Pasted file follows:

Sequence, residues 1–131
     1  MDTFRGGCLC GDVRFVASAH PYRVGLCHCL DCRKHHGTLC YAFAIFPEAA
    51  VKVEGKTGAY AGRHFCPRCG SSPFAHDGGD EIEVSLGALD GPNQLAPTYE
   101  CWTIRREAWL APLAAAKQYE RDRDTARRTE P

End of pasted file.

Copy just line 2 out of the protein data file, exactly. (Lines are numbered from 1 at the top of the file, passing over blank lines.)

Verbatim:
     1  MDTFRGGCLC GDVRFVASAH PYRVGLCHCL DCRKHHGTLC YAFAIFPEAA